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Cuba will not be invited to the Summit of the Americas in Cartagena, Colombia next month, Colombian President Juan Manuel Santos has said, averting a diplomatic row with the US who had opposed Cuba’s participation.
Colombia’s President Juan Manuel Santos has said Cuba will not be invited to the Summit of the Americas in Cartagena, Colombia next month, averting a diplomatic row with the US who had opposed Cuba’s participation.
Cuba reacted, calling its exclusion "unacceptable."
Several countries had threatened to boycott the summit unless Cuba was admitted. However, following talks with Cuban President Raul Castro in Havana Wednesday, Santos said in the absence of consensus on the matter he could not issue an invitation, adding that Cuba had understood the situation and did “not want to create a problem for the summit or for Colombia.”
In a statement published on Colombia’s presidential website, Santos said: “I told President Castro that we appreciate his desire to participate in this meeting, but it’s hard to extend an invitation because of the circumstances that did not allow us to reach a consensus,” Bloomberg reported.
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According to Reuters, the Cuban Foreign Minister Bruno Rodriguez held a news conference today, denouncing his country's exclusion from the summitt and accusing Washington of "disdain and arrogance."
"It is unacceptable and unjustifiable," Rodriguez was quoted as saying. "What [the US] has done is reiterate an old, failed policy that has lasted 50 years, which doesn't work and which someone should think about revising."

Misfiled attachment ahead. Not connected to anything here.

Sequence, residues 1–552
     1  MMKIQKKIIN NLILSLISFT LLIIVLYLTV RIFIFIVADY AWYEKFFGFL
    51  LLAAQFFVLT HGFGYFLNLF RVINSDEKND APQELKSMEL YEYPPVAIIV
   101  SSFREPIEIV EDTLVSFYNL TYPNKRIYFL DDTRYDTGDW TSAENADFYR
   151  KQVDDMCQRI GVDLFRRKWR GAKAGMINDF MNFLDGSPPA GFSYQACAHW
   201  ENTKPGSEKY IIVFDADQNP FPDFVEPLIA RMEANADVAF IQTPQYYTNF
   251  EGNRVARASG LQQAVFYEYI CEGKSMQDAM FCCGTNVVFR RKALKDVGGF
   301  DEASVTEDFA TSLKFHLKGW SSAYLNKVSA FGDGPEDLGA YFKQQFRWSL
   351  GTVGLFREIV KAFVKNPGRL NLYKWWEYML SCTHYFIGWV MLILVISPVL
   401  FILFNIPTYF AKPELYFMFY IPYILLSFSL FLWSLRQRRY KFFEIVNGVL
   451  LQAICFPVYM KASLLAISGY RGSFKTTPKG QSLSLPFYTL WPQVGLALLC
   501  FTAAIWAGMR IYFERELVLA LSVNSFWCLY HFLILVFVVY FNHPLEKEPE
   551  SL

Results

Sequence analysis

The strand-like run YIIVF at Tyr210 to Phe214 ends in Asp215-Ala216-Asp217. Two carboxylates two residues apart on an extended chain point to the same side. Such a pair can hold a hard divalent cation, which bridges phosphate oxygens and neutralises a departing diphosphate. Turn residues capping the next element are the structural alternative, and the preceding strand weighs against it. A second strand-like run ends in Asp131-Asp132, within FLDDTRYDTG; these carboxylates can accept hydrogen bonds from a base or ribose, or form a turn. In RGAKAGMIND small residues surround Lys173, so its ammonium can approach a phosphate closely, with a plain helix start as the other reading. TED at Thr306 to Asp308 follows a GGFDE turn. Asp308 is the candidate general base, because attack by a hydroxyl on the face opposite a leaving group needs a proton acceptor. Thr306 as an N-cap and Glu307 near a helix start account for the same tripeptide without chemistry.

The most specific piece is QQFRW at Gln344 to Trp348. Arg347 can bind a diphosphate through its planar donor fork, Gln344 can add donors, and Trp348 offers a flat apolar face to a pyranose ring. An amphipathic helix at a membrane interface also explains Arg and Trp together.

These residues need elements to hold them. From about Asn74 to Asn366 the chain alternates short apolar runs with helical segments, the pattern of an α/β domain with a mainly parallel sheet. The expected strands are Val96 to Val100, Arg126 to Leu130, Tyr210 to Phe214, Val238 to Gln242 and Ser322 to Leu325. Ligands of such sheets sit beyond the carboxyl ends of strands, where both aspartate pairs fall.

According to the BBC, the US said Cuba could not attend the summit because the Caribbean island nation is not a democracy. The meeting is usually only open to members of the Organization of American States (OAS), and Cuba was suspended from the group in 1962 because of its communist system of government.
As summit host Colombia had the final decision. The country is a close ally of the US, but Santos was eager to avoid a boycott of the summit on April 14-15 by leftist Bolivarian Alliance (ALBA) members like Venezuela and Ecuador, according to the Associated Press.
The agreement brokered in Havana Wednesday – the first visit to Cuba by a Colombian president in a decade – effectively prevents the dispute from triggering a broader diplomatic row in the region, and marks a victory for Santos, who is pushing hard to prevent himself as a regional mediator, Reuters reports.
During his visit to Cuba Santos also met Venezuelan President Hugo Chavez, who is recovering in Havana following surgery for cancer.
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